And so it ended last Sunday at Heinz Field. There is still a mathematical possibility, or to be more precise, it's not over mathematically, but their hopes to squeeze into the playoffs for all intents and purposes ended last Sunday at Heinz Field.
Those hopes ended on a bitter winter afternoon against an opponent from the topics, and that was just one of the indignities involved for them and the hardcore fans who endured the weather to be there with them.
It has been a season of frustration and disappointment for the Pittsburgh Steelers, and a whole bunch of the things that made it so came together in a game against the Miami Dolphins, a game in which the home team held a fourth-quarter lead only to lose, 34-28.
Right there, within those numbers, has been their problem all year. It's not only that the Steelers lost a December home game to a franchise that couldn't win in December in Pittsburgh when it had Dan Marino playing quarterback, but that the Steelers lost a December home game to a team with Ryan Tannehill at quarterback even though it scored 28 points.
Once upon a time, scoring 28 points meant a win for sure. Most times it meant a comfortable win.
That's not the case anymore. It's not that the Steelers defense has become a sieve in terms of the amount of points it allows on a weekly basis, but the Steelers defense has become ordinary. Once upon a time, the Steelers won games, won championships even, purely on the ability and performance of their defense. Too often in 2013 the Steelers defense was something to be overcome, and theirs is not a team built to be able to do that consistently.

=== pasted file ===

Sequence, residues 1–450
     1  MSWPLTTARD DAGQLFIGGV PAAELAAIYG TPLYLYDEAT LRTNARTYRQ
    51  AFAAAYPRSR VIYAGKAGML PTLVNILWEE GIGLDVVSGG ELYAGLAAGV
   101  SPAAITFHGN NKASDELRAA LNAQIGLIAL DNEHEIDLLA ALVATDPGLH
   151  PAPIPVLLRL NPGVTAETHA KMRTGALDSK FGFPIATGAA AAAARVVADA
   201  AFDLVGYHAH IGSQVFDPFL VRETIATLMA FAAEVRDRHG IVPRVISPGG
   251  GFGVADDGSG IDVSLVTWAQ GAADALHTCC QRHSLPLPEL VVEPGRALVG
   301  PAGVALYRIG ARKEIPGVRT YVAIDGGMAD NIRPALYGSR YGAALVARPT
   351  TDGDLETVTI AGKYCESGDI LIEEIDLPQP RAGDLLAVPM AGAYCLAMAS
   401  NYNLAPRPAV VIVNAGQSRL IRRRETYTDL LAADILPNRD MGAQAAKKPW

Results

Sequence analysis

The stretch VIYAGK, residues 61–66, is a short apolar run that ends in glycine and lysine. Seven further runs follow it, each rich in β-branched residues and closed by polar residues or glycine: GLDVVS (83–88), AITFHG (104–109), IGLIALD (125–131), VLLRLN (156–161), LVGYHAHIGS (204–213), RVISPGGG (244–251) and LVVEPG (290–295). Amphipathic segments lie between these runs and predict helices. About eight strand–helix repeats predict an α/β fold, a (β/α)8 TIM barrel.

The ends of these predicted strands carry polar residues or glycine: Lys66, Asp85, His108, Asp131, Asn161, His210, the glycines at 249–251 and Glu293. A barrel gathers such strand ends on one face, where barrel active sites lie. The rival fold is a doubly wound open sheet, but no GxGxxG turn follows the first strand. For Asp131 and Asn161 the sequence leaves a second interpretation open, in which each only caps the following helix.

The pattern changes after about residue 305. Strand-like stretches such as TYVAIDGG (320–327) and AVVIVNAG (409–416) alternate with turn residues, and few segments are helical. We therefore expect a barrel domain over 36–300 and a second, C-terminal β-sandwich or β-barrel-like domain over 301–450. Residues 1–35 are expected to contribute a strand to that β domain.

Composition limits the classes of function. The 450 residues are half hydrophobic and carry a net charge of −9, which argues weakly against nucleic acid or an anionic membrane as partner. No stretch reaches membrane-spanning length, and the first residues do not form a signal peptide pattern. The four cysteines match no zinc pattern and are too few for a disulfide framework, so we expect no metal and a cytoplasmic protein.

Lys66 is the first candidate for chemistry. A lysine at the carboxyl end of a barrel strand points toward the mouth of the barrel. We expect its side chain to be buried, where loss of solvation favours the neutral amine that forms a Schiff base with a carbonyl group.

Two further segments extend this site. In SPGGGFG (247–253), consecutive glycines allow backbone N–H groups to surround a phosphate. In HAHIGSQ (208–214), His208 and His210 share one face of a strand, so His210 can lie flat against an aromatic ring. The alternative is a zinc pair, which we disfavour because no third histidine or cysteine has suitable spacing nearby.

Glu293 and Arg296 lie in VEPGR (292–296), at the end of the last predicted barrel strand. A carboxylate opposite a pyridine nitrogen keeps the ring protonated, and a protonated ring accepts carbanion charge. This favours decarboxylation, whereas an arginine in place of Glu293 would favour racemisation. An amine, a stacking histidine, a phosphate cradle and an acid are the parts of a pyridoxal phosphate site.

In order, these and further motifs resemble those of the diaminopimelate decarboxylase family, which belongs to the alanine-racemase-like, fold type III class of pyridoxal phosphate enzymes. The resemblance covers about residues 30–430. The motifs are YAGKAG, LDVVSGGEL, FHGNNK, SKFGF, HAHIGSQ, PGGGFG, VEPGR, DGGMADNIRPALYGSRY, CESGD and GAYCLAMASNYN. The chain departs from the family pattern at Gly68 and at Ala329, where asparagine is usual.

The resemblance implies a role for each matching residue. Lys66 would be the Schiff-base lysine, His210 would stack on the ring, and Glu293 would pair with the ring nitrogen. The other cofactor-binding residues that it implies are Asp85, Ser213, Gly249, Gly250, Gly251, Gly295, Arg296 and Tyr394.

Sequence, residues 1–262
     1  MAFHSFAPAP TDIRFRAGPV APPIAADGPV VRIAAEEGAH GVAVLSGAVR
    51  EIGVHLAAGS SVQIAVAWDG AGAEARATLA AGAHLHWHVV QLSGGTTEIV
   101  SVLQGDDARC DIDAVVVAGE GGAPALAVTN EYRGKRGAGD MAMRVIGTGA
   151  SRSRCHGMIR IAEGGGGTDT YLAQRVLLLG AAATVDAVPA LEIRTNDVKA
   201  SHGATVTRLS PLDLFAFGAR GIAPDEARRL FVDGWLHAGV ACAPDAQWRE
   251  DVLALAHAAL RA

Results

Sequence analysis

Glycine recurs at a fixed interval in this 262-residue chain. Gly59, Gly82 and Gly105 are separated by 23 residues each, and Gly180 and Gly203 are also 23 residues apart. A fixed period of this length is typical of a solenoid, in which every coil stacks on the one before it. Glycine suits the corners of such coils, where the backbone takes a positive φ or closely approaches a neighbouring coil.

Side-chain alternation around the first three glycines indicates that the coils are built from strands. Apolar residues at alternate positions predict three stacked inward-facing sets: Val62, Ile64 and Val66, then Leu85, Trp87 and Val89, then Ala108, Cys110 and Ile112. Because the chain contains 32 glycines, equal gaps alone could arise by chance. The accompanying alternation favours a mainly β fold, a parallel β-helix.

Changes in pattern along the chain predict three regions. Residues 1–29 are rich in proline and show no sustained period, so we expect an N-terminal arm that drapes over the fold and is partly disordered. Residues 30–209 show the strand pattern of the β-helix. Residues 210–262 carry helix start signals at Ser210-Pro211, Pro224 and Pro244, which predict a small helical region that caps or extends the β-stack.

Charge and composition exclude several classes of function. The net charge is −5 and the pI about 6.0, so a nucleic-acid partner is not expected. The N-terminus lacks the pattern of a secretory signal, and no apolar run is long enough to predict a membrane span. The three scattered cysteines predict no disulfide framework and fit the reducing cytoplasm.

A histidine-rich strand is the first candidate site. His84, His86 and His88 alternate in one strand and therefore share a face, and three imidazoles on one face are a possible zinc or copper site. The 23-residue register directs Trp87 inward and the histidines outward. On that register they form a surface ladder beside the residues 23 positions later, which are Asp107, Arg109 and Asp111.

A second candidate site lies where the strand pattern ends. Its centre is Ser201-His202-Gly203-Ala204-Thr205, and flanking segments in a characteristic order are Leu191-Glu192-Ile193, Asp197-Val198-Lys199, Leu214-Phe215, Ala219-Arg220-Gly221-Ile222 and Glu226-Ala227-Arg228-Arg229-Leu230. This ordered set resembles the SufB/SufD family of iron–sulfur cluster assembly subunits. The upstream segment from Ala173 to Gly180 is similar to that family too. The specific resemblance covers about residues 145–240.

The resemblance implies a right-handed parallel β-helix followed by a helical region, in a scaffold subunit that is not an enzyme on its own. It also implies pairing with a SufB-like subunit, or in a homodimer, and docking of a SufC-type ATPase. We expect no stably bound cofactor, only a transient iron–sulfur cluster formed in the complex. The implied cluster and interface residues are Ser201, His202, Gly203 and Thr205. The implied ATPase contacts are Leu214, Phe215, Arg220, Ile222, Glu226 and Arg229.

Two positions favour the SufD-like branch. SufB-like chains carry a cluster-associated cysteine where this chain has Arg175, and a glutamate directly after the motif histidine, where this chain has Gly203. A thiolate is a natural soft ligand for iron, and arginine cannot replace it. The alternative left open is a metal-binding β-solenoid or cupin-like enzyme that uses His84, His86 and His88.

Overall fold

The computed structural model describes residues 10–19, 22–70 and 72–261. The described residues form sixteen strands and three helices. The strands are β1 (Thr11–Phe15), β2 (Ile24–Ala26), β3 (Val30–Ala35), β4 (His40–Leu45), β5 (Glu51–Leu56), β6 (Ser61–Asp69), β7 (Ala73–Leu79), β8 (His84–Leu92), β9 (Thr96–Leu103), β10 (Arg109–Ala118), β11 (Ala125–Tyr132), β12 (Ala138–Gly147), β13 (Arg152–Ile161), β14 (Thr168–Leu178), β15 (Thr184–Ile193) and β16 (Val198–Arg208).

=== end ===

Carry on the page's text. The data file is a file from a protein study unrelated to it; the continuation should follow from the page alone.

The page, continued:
Opponents have been making plays against this Steelers defense with frightening regularity all season. Including this loss to the Dolphins, the Steelers have allowed five runs of 50-plus yards and a dozen pass completions of 40-plus yards. Seven of those dozen catches have been for 50-plus yards.
In answer to a recent question about the frequency with which the defense has been allowing big plays this season, Coach Mike Tomlin said, "It's probably a combination of several things, whether you're doing things positively or when you're doing things negatively. It's usually multi-layered. Speed, schematics. Sometimes you have to acknowledge that good plays are drawn up against defenses, and you get caught in a defense that's less than favorable.
"Sometimes it's somebody's guy making a play on somebody else's guy. You look at a guy like Calvin Johnson. I don't care what defense you draw up or who you have back there, he's got a chance to make a big play if it's one-on-one because of the skills he has. It usually is a combination of all of the above."
Giving credit to the other highly-compensated professionals is the tack Tomlin must take, because pinpointing or even acknowledging his own team's inadequacies to answer a question is counterproductive at this stage of a season.
Making a big play in the NFL requires a lot of moving parts, where one little glitch by any of the components involved can sabotage the whole thing, and the only constant in all of these big plays has been that they've all come against this Steelers defense. And as Tomlin said, the cause of big plays is usually multi-layered.
Speed in the secondary has to be an issue. So does what can be described as the unit being toothless, defined as a takeaway drought now in a third straight season. The pass rush hasn't been as potent. Some guys can't make plays, and some others don't. Mix in a few who don't yet understand how, and there is some explanation for why Ryan Tannehill left Pittsburgh after a December game at Heinz Field with a 95.5 passer rating, and why a Dolphins offense that came here ranked in the bottom half of the league in every significant statistical category converted four-of-six red zone trips into touchdowns.
That's the explanation. The tough part will be coming up with a solution.
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